Reading Room 11/13: Creating the Teaching Professor: Guiding Graduate Students to Become Effective Teachers-The Journal of Scholarship of Teaching and Learning

Journal: The Journal of Scholarship of Teaching and Learning

Heading into graduate school, the goal should be becoming an effective college professor and make sure you are adequately prepared for each class.  This is exactly what the article entails here and systematically goes through step by step.  In the article “Creating the Teaching Professor: Guiding Graduate Students to Become Effective Teachers” by Ronald J. Weber, Ann Gabbert, Joanne Kropp, and Patrick Pynes, this group of researchers demonstrate their learning experiences with being a History Professor.

The alterations are being put in place when it comes to helping graduate students become college professors.  Weber, Gabbert, Kropp, and Pynes compiled a bunch of stories on their journey into teaching at the University of Texas at El Paso.  All of this became beneficial because this study is being done on the History Teaching and Learning Seminar in the History Ph.D. program at the University of Texas at El Paso.  The research being made in this article looked at the teamwork with graduate students and how they found great teaching tools.  With this process, the graduate students (who participated) found out that being a listener is monumental in teaching, effectiveness outweighs the idea of finding new teaching skills, and that the system for teaching college teachers needs so much work in which sets up student academics to be a teacher.  The researchers primarily worked with Scholarship, which was extremely crucial in this process because it made sure these students moved up with the material.  For example, the researchers said this about teaching, “Teaching was broadly conceived as the dissemination of content knowledge to students” (Weber, Gabbert, Kropp, and Pynes, 2007).  Professors are not supposed to know everything when it comes to their field of study.  In fact, they are just as much of a student of education as undergraduate students.

This seminar gave students different aspects which helps practice becoming a teacher and blend the dynamics of teaching and scholarship as well.  However, what the problem is that graduate students try to imitate their professors from the past and blend their teaching methods as well.  This is very concerning because the graduate students ignore the current undergraduate students’ routines to learn.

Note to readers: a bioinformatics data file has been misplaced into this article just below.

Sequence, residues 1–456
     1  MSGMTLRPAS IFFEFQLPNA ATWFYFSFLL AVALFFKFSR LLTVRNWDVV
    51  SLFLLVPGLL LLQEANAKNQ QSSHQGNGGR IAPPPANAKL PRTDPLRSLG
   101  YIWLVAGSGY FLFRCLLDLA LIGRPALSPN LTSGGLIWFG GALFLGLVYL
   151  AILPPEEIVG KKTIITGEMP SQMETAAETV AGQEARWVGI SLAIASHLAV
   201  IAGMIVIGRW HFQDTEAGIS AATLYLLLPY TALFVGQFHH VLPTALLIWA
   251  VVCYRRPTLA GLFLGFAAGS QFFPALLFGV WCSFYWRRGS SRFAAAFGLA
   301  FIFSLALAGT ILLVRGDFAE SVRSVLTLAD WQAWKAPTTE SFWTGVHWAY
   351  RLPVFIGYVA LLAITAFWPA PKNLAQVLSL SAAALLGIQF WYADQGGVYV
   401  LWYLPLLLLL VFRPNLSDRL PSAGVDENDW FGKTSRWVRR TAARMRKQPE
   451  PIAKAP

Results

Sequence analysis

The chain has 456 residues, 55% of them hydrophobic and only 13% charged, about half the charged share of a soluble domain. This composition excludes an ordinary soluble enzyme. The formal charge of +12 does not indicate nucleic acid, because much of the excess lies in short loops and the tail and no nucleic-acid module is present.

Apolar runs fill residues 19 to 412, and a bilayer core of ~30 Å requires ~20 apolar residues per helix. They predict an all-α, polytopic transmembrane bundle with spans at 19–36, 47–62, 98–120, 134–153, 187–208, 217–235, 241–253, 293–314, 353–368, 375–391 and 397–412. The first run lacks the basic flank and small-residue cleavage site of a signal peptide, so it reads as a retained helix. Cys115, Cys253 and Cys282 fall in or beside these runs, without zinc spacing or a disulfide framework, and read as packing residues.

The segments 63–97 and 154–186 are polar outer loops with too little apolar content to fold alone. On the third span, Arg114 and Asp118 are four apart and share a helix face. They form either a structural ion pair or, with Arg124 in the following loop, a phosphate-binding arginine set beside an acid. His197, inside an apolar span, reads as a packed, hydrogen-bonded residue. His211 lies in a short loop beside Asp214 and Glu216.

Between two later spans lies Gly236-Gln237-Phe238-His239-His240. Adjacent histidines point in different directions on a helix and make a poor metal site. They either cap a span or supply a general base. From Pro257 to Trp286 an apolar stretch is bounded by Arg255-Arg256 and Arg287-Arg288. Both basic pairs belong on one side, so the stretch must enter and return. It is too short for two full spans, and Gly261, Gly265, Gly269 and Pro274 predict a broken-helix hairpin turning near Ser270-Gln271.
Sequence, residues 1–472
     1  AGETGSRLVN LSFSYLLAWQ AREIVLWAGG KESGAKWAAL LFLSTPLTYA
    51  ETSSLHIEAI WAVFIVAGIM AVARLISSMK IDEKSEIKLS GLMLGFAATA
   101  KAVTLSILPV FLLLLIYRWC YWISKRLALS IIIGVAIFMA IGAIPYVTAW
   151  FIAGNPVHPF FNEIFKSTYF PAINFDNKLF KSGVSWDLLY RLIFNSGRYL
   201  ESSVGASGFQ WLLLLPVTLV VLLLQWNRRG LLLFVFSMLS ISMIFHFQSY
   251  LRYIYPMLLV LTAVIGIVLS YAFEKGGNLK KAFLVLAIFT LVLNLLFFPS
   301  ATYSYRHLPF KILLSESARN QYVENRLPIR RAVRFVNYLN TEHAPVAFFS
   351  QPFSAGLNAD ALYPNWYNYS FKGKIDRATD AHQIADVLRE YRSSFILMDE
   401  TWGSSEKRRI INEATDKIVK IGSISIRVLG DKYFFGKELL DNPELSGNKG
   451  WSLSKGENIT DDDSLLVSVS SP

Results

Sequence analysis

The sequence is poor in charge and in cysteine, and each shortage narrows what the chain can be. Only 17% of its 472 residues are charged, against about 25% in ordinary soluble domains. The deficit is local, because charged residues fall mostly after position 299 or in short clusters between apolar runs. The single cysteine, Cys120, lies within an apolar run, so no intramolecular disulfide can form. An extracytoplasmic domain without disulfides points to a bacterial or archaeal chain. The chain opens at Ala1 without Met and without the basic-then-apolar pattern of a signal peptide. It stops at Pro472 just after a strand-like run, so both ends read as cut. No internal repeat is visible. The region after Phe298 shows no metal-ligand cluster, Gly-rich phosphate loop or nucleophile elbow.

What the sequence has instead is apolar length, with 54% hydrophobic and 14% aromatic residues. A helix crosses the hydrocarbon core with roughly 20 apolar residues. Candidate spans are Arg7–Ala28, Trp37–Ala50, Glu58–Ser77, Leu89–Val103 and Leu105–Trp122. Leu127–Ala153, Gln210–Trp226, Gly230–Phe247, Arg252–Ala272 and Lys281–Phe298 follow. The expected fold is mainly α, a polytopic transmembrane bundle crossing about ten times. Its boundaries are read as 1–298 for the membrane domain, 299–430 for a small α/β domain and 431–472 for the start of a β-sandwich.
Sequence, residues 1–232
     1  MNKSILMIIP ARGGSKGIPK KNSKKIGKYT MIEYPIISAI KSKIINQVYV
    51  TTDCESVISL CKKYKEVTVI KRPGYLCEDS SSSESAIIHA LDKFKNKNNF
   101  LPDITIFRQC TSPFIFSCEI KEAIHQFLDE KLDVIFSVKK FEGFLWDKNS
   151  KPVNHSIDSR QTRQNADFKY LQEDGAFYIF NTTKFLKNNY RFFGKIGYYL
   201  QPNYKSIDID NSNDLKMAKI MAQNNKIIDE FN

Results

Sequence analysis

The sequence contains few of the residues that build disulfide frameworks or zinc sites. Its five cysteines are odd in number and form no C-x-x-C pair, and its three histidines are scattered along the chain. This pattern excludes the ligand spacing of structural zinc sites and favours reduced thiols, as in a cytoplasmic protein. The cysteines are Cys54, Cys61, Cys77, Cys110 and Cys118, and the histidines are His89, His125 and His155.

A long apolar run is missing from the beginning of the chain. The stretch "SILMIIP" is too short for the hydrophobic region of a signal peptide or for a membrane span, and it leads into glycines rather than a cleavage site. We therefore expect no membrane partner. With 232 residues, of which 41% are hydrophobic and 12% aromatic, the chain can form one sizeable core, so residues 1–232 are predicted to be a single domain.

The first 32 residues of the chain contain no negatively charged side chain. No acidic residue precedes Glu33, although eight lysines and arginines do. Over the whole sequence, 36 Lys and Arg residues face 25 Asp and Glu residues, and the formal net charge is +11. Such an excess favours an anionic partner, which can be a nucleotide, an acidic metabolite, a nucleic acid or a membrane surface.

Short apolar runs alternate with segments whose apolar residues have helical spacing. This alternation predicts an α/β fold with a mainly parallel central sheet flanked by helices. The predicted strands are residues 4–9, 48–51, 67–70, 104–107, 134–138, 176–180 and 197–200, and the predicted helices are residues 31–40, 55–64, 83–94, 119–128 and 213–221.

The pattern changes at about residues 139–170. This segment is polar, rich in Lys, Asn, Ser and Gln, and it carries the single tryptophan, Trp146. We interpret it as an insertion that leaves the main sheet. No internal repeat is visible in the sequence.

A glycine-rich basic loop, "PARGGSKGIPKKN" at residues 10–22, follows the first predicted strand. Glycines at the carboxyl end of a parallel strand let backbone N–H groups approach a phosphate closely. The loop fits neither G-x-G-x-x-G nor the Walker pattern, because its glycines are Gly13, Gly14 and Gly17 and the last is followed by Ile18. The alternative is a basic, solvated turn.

What the researchers did in this study is that they asked all of the graduate students in the course to gather a portfolio in relation to academia.  In other words, they would include their method of researching and what their goals are in teaching.  To have a comparative look at teaching vs learning, these graduate students have only just begun thinking about how a student improves.

What the researchers found is that the graduate students adapted effectively as they shape who they are as a person.  For example, the researchers commented on the seminar’s goals even further, “In addition to treating young academics as students, the seminar also leads them to think and act as teachers by planning and organizing a college class”(Weber, Gabbert, Kropp, and Pynes, 2007).  Graduate students should look at young students as human beings in education because it removes this dehumanizing notion of becoming a college professor.  The relationship between a student and teacher needs to have clarity and more importantly, these graduate students in training should be organized with their field of study.

I found this article to be very helpful as a first-year graduate student in English Literature/Creative Writing because I am taking a seminar class on something similar to the study. The class is called the teaching practicum in Creative Writing.  In this class, we voice our concerns as a graduate instructional assistant and provide ample case studies.  Within these narratives, it sets us up to become future professors at the college level.  However, after reading this article, my anxiety level as a graduate student decreases a bit.  I know many of my peers in that class have been nervous about giving a lecture for the first time and sometimes they are critical after the presentation.  But what this article taught me is that you need to know the culture of the classroom.  It is so imperative to ensure your teaching philosophy is consistent throughout your career.  In the end, it is all about practicing and training graduate students to be the future college professors of the 21st century.

This article gives me a new outlook on how I want to conduct my last case study for the semester in my practicum class.  I need to think of this question: do I truly understand the class?  Do I understand them and can relate to them as a student teacher when we do group work?  It is something I need to explore deeper and further as I transition into my second semester.

Reflections on the Annotation Comrades assignment